State legislative committee talks autonomy and workforce at EERC
Autonomous systems may someday augment North Dakota’s labor force, industry professionals say
UND’s Energy & Environmental Research Center received a visit from North Dakota’s Interim Legislative Workforce Committee on Thursday, for a discussion on the benefits and challenges posed by autonomous systems.
The 13-member committee — composed of legislators from across the state – is tasked with studying a variety of issues pertaining to North Dakota’s workforce, including the funding of apprenticeships and training centers, as well as Thursday’s topic of integrating autonomous technology.
Charles Gorecki, CEO of the EERC, said addressing workforce challenges is essential to the future of North Dakota’s energy industry.
“I get to talk to legislators a lot about energy, but I don’t often talk to them about workforce,” he said. “Certainly, you can see within the industry that workforce is one of our biggest challenges. Autonomous systems and AI have an opportunity to help us meet those challenges.”
Cortnee Jensen, executive director of strategic partnerships at UND, said North Dakota’s low unemployment rate – the second lowest in the nation at 1.9%, according to the U.S. Bureau of Labor Statistics – and rapid economic growth pose challenges for employers seeking to fill positions.
“Right now, everyone can agree that our biggest problem in the state is workforce, and access to it,” she said. “Our unemployment rate is under 2%, which is unbelievable. In the first quarter of 2023, most of the country had an average economic growth rate of about 2%. North Dakota had 12.4% growth. The work that’s being done by our universities, industries and Legislature is incredible, but it means we have to continue the conversation. A lot of that conversation comes back to how to use autonomy.”
Mark Askelson, associate vice president for research – national security, said that autonomous systems have the capacity to augment human decision making.
“At the end of the day, almost every autonomous system is a human and machine team,” he said. “The key element here is understanding how to make the two match. It turns out that machines are really good at top-down deductive reasoning. Humans, however, can be very good at inference and dominate in this area.”
A prevailing theme of the committee’s session was the importance of North Dakota’s burgeoning unmanned aircraft systems (UAS) sector to the state’s workforce and economy.
Tom Swoyer, president and founder of Grand Sky – the UAS-focused business and aviation park next to Grand Forks Air Force Base – said the park’s tenants operate with a mix of autonomy and human input. He added that autonomy has the potential to turn “one person into three.”
Swoyer cited an example from the Air Force called “collaborative combat aircraft,” which will pair unmanned and manned fighter aircraft, to reduce the risk to the piloted aircraft during combat. The program will be tested at Grand Sky beginning in January.
As the statewide network tasked with enabling Beyond Visual Line-of-Sight flights for drone operators, Vantis is a vital component of the state’s UAS workforce. Erin Roesler, director of operations for Vantis and the Northern Plains UAS Test Site, said that although BVLOS is a major breakthrough for the industry, more can be done to increase its widespread application.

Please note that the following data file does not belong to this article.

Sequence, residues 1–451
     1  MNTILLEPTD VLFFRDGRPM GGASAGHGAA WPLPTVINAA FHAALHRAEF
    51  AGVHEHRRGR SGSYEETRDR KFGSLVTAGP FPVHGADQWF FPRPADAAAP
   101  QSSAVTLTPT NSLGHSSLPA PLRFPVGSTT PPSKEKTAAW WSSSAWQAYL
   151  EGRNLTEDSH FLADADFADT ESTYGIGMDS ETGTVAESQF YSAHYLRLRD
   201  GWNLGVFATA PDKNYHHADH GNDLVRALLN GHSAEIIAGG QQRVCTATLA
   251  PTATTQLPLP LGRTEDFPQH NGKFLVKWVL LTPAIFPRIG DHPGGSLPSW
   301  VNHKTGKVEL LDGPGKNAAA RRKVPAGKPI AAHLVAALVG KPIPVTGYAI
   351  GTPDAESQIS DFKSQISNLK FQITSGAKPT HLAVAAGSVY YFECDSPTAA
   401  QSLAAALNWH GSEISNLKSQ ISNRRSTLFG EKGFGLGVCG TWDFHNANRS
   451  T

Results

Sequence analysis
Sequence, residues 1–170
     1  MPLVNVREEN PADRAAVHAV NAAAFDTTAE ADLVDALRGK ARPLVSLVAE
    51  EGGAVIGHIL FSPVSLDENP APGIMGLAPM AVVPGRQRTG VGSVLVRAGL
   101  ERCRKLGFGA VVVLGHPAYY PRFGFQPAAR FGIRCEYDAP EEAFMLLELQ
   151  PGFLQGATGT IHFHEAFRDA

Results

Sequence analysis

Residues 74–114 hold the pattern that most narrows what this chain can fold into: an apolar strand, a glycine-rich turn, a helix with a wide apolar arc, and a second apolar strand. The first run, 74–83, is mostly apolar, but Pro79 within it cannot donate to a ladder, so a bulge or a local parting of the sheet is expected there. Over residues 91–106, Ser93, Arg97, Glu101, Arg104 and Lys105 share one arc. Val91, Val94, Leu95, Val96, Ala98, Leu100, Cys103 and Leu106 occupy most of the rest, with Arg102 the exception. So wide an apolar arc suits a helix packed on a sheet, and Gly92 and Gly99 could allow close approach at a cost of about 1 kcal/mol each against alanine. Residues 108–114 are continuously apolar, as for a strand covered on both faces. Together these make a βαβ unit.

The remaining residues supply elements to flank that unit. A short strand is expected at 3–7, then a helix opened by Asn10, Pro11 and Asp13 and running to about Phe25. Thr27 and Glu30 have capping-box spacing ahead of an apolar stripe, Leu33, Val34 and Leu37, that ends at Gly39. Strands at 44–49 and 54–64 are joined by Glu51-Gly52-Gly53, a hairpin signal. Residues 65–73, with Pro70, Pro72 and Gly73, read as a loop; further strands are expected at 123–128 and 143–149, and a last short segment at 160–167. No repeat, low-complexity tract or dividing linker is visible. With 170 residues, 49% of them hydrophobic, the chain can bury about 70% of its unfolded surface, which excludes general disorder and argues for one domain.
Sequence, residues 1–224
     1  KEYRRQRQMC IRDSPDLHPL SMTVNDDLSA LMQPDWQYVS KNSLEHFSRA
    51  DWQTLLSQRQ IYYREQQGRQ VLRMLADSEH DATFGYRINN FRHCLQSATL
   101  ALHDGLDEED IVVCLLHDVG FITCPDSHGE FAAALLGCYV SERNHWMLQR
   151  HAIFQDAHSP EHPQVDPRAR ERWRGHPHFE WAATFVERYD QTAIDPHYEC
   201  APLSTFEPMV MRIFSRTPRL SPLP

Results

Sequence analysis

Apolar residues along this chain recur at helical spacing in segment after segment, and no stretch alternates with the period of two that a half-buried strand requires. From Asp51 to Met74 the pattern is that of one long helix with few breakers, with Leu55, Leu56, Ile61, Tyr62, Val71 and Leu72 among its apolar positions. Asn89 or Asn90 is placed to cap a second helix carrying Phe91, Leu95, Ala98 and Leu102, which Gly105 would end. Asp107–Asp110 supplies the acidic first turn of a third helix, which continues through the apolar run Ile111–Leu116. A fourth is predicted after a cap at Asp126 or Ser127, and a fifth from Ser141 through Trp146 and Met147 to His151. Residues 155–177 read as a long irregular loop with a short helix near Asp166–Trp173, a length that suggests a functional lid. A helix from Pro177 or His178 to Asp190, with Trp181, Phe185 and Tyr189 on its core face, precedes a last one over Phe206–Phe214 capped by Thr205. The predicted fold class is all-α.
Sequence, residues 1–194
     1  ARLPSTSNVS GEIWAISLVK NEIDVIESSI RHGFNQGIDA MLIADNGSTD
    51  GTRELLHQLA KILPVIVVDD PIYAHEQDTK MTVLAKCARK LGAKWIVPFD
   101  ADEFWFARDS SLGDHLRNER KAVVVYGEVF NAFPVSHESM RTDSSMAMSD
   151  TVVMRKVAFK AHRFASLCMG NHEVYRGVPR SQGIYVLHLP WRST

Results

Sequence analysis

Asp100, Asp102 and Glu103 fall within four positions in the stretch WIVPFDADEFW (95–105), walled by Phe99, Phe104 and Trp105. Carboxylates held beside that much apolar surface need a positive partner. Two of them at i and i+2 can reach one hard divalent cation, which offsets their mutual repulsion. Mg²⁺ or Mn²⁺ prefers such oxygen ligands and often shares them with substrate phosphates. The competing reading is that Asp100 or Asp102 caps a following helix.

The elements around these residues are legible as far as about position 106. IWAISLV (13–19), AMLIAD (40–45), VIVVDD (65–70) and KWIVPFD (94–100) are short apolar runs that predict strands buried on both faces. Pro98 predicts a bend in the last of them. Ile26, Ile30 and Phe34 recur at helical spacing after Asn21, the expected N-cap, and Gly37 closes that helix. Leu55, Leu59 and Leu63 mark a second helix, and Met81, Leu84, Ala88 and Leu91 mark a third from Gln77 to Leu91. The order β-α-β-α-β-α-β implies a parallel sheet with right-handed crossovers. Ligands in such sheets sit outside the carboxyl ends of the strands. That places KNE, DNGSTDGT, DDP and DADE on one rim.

“Policy and regulation are some of the biggest barriers, but there are also more barriers such as shared infrastructure,” she said. “UAS is really the only part of the transportation sector that does not yet have shared infrastructure. What UAS needs is a different type of infrastructure. That has really been prohibiting the use and expansion of UAS in the national airspace.”
Frank Matus, director of ATC digital aviation solutions with Thales USA – a company specializing in air traffic control that has partnered with Vantis’ BVLOS mission – said it is essential for industry leaders to tout the myriad employment opportunities such technology offers.
“We’re essentially creating an entire economy around the UAS sector,” he said. “It’s not just the vehicles themselves or the infrastructure. It’s electrification, training, services and trying to work with our communities to imagine, ‘how do we keep our kids here? How do we show that there are opportunities here?’”
Ryan Adams, associate dean of national security and professor in the College of Engineering and Mines, said UAS is vital to several research initiatives on campus. Among them is the transportation technology research initiative, a partnership between UND and the North Dakota Department of Transportation (NDDOT).
The initiative uses UAS to conduct remote bridge and pavement inspections across the state, and conducts research into the feasibility of building infrastructure such as box culverts through 3-D printing.
Additionally, UND’s Research Institute for Autonomous Systems (RIAS) continues to devise the safest and most efficient methods to operate UAS. By working on projects such as collision avoidance and emergency response, the RIAS is actively mitigating risks involved with UAS flight.
“We want to be able to use these drones as effectively as we can, without causing damage or harm to the public or infrastructure,” Adams said.